Neil Entwistle Charged with Murder Counts

The runaway widower is now in custody for allegedly killing his family

Neil Entwistle, who returned to his native England around the time his wife and infant daughter were killed in their Massachusetts home last month, was arrested by British authorities on Thursday, according to Middlesex District Attorney’s spokeswoman Emily LaGrassa.

He has been charged with two counts of murder, one count of illegal possession of a firearm and one count of illegal possession of ammunition, said Melissa Sherman of the Middlesex district attorney’s office.

Rachel Entwistle, 27, and 9-month-old Lillian, were found dead Jan. 22 in their home in the Boston suburb of Hopkinton.

Rachel’s family issued a statement on Thursday saying they were “deeply saddened” by the arrest. “Rachel and Lilly loved Neil very much. Neil was a trusted husband and father, and it is incomprehensible how that love and trust was betrayed in the ultimate act of violence,” the statement said.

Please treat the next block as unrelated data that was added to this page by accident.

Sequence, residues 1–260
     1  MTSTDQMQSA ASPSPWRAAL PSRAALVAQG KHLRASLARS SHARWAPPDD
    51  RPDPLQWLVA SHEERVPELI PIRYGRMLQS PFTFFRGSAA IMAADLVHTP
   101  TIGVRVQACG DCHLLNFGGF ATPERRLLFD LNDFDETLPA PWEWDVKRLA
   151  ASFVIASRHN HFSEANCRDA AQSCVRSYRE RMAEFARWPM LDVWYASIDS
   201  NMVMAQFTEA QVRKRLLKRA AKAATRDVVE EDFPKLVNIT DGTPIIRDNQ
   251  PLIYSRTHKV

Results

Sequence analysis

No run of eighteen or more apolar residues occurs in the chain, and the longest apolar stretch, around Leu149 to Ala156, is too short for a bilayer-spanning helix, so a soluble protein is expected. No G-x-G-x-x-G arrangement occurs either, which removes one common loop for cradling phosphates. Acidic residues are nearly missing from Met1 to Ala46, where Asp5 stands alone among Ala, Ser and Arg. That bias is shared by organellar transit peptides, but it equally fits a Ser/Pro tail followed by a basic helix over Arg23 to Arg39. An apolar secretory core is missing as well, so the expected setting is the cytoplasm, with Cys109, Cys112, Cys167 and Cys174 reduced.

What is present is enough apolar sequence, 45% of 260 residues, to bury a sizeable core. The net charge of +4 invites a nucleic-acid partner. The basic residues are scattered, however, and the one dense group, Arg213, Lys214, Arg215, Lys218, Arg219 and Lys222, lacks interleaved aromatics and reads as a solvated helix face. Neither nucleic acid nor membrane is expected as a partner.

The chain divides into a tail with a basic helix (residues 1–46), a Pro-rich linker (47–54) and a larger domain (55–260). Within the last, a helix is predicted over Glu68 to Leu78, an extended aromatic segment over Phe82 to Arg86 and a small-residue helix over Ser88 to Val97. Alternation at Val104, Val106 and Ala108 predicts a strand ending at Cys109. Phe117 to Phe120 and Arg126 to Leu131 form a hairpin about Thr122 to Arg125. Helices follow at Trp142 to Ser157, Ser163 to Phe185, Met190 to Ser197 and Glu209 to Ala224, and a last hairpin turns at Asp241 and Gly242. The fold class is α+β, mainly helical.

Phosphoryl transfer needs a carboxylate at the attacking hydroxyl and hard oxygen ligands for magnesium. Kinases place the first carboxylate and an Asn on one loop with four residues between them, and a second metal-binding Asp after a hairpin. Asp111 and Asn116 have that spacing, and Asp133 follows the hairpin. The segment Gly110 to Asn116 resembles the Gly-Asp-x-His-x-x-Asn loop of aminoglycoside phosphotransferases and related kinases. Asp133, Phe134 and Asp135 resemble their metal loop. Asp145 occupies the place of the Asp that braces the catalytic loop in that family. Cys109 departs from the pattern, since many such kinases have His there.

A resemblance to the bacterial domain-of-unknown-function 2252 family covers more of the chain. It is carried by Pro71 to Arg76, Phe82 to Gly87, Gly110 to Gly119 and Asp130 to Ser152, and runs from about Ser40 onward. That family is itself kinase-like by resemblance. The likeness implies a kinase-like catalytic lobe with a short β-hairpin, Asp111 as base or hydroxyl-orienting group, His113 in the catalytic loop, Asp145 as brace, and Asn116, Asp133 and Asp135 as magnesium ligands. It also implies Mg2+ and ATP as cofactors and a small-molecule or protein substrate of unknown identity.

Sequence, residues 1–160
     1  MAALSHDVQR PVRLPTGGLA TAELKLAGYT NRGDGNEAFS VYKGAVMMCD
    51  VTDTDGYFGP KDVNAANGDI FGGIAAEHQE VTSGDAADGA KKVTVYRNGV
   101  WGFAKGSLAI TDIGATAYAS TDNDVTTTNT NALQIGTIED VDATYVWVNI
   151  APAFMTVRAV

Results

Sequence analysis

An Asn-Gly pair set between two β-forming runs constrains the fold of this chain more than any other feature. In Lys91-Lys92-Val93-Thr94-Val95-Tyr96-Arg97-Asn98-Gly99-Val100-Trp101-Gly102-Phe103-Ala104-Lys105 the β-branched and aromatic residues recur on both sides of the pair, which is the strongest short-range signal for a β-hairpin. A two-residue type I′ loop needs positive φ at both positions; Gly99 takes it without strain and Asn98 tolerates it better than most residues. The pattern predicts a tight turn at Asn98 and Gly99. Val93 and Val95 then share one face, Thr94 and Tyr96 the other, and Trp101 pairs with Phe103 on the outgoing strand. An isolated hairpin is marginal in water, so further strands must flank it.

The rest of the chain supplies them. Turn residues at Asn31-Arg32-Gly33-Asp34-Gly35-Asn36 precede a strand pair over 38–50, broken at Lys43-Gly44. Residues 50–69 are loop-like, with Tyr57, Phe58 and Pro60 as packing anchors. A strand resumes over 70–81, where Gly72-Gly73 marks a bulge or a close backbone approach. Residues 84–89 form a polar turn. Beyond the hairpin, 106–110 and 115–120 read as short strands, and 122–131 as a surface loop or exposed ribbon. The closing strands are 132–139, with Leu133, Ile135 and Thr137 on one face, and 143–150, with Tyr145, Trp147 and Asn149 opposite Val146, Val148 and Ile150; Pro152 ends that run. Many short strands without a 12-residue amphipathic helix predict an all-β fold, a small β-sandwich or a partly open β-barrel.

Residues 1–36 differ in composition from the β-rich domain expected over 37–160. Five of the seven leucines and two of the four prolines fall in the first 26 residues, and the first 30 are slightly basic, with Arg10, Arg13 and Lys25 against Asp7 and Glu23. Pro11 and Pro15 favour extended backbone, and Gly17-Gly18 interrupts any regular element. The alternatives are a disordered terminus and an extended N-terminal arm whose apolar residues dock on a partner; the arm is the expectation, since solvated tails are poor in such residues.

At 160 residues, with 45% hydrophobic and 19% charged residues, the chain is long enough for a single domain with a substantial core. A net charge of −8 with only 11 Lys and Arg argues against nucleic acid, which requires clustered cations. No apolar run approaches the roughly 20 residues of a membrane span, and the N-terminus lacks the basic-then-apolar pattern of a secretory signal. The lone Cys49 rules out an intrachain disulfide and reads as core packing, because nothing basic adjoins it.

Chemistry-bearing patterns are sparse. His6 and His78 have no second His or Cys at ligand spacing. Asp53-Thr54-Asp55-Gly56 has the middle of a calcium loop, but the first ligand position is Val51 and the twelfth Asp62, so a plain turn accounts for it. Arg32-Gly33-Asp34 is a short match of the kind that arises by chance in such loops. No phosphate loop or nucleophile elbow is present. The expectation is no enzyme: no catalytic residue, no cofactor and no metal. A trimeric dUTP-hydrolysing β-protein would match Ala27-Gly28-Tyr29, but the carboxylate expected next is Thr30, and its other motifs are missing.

Neil Entwistle, who authorities say used his father-in-law’s shotgun to shoot his wife and daughter, may have intended to kill himself as well but did not follow through, London District Attorney Martha Coakley told the Associated Press.

Neil Entwistle, 27, was taken into custody in the UK by detectives and will face an extradition hearing. Since his family was killed he had been staying at his parents’ home in Nottinghamshire.

Friends and neighbors expressed surprise about the day’s events. “I’m really shocked,” said David Thorpe, a school friend of Entwistle’s. “It’s not the sort of thing you expect to happen to someone you once knew at school. I considered him a friend.”

The couple originally met at the University of York in 1999 and lived in England until last year, when the American-born Rachel, who taught school in Worcestershire, said she wanted to live closer to her parents in Massachusetts. Their daughter was born last April.

On Feb. 1, Rachel and Lillian Entwistle were laid to rest together in a wooden casket at a service attended by about 500 mourners – but not Neil Entwistle. The memorial service was at the same Roman Catholic church where the baby girl had been baptized not two months earlier.

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